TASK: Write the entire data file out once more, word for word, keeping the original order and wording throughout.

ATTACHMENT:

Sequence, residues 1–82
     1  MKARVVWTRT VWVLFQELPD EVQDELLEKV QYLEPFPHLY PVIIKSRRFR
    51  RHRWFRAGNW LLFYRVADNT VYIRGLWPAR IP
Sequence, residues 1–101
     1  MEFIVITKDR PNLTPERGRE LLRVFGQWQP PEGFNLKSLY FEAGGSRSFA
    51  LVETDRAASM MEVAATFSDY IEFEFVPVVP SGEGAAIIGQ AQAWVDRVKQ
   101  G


Sequence, residues 1–82
     1  MKARVVWTRT VWVLFQELPD EVQDELLEKV QYLEPFPHLY PVIIKSRRFR
    51  RHRWFRAGNW LLFYRVADNT VYIRGLWPAR IP
Sequence, residues 1–101
     1  MEFIVITKDR PNLTPERGRE LLRVFGQWQP PEGFNLKSLY FEAGGSRSFA
    51  LVETDRAASM MEVAATFSDY IEFEFVPVVP SGEGAAIIGQ AQAWVDRVKQ
   101  G